To yield, to give way, to accept, is often necessary along life’s course, ever more so as we age. Truitt was surely mindful of this as she chose the word for her title. But I suspect foremost in her mind was its first definition in the American Heritage dictionary: “to give forth…as if by a natural process, especially by cultivation.”
Truitt’s final journal volume shares the harvest of a lifetime’s attentive cultivation of, and attention to, the experience of living. She offers a cornucopia of insight and responsive contemplation on working, creating, family and friendship, loving and losing, life and death. Anchored in her present moment of weather and light and events, Truitt takes stock of the past and considers the future — not flinching from reflecting on death, the final leave-taking, absence from the world.
She works on through the vicissitudes of aging and the turmoil of events like 9/11. She must walk with increasing care to her studio, although it’s just a few steps down and away from her house. Physical frailty amplifies distance and increases risk. In the studio, she must adjust the scale of her effort — climbing only two steps on her stepladder to paint. She yields, accepting the exigency of an aging body, but continues to create.
Truitt chose to become a sculptor rather than an author because, she writes:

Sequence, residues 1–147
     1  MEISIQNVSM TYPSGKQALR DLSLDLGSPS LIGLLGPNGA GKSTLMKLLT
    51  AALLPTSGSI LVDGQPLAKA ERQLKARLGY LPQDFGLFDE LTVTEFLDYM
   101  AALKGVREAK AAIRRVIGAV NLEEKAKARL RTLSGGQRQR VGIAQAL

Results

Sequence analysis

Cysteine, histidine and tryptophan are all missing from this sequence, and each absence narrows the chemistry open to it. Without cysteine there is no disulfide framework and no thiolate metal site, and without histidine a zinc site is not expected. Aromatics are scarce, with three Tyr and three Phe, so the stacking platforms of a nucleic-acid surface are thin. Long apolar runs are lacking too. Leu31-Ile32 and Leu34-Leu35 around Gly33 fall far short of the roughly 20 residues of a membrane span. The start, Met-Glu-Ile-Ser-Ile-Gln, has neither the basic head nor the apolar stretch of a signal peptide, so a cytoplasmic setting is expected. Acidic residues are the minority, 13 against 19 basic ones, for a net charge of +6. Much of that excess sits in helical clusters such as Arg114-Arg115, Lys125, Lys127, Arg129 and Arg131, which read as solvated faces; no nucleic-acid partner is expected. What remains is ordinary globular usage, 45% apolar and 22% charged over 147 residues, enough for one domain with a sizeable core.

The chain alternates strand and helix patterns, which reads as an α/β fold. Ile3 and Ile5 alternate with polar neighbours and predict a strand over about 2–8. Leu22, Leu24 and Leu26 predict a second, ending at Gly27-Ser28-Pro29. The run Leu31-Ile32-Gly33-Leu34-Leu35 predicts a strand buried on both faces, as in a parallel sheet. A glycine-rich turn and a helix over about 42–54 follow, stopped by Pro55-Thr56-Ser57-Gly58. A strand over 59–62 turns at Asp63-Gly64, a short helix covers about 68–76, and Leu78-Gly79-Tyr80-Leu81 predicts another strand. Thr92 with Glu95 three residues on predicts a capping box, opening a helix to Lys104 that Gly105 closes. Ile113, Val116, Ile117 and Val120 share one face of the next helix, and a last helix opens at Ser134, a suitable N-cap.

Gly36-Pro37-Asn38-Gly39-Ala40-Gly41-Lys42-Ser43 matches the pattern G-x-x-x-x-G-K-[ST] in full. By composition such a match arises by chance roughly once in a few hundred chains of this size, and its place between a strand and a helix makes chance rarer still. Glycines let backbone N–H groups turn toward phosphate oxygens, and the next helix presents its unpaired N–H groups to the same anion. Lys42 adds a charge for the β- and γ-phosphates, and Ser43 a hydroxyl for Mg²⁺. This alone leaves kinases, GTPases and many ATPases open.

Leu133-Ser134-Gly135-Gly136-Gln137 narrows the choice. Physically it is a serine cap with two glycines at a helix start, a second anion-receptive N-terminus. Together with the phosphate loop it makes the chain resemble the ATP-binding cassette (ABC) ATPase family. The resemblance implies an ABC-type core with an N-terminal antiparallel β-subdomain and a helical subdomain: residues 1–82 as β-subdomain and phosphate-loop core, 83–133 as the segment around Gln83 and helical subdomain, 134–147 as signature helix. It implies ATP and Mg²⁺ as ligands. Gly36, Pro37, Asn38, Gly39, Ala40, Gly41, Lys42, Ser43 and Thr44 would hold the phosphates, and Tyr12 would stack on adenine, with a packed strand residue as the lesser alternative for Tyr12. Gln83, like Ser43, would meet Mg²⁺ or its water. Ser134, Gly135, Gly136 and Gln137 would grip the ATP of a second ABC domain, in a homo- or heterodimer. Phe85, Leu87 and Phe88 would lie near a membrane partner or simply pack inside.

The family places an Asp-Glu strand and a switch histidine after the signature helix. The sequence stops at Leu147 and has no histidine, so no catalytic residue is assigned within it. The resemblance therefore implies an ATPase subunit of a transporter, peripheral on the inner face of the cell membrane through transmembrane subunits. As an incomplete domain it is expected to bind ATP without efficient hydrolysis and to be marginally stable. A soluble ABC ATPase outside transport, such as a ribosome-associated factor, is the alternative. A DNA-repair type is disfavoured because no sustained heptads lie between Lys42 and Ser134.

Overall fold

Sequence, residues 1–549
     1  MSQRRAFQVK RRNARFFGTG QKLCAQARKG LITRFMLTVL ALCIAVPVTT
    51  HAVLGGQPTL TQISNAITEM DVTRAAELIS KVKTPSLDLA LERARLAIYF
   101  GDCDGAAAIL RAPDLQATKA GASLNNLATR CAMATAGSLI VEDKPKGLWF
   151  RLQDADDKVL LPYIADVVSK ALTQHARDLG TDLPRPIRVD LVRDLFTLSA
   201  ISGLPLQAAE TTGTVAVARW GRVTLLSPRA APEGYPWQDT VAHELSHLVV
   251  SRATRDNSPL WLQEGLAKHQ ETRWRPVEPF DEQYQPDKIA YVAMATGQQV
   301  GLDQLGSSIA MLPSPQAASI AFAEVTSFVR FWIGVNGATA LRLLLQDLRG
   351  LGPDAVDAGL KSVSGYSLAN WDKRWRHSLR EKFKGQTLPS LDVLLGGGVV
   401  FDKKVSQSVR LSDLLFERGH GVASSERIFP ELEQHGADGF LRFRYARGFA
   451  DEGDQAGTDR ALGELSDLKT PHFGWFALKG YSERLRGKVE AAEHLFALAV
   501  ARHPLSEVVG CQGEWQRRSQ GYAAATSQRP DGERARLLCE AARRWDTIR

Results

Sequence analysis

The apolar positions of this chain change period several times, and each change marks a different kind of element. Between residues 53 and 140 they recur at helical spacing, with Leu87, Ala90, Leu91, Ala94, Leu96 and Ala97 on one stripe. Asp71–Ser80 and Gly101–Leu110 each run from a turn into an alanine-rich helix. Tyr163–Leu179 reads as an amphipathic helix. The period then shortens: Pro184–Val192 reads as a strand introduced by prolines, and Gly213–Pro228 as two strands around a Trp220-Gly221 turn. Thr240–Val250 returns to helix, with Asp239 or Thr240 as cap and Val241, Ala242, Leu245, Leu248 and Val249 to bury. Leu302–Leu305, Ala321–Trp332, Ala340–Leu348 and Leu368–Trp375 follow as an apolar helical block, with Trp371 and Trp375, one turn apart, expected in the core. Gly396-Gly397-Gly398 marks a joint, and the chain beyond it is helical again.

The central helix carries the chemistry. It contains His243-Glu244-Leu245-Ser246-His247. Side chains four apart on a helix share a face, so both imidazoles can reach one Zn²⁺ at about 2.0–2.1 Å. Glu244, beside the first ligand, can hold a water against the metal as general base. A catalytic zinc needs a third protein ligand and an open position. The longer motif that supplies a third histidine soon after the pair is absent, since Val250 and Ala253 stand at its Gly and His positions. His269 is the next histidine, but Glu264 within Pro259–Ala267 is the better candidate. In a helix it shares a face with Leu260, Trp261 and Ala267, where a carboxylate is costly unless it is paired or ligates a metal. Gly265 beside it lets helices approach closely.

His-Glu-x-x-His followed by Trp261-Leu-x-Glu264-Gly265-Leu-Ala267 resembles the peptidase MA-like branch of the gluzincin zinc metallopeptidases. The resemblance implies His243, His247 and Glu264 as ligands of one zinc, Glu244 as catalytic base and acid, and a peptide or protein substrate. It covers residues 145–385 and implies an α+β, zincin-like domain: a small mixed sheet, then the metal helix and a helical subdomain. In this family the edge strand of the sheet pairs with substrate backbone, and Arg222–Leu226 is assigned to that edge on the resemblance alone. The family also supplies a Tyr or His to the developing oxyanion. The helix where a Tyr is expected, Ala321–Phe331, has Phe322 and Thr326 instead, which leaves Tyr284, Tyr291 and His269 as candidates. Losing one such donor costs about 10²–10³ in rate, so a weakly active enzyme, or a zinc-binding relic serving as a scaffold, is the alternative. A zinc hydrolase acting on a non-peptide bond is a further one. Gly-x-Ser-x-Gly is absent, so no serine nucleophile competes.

“I had less interest in narrative than I had thought, and no knack for how things happen in time. And one day, standing in my sunny dining room…it occurred to me that if I made a sculpture it would just stand there and time would roll over its head and the light would come and the light would go and it would be continuously revealed…a sculpture simply stood and time went on around it. For that reason I decided to study sculpture.”
Her sculptures remain timeless and continuously revelatory. But how fortunate that although she was relatively “disinterested in narrative,” she continued writing the story of her days, the way things happened in the narrative arc of her time, the ebb and flow of light and shadow on her life.
Truitt admired the way Rembrandt “let the people in his portraits be…[He] sees and honors each so profoundly that he renders the specific universal.” In Yield, Anne Truitt renders her own self-portrait and honors her extraordinary, specific life. And she illustrates the universal experience of being mortal. “I feel as if I recognize my life as I live it,” she says. Surely, writing it down is part of the dual process of recognition and living.
Ellen Prentiss Campbell’s collection of love stories is Known By Heart. Her story collection Contents Under Pressure was nominated for the National Book Award, and her debut novel, The Bowl with Gold Seams, won the Indy Excellence Award for Historical Fiction. Her novel Frieda’s Song was a finalist for the Next Generation Indie Book Award, Historical Fiction. Her column, “Girl Writing,” appears in the Independent bi-monthly. For many years, Campbell practiced psychotherapy. She lives in Washington, DC, and is at work on another novel.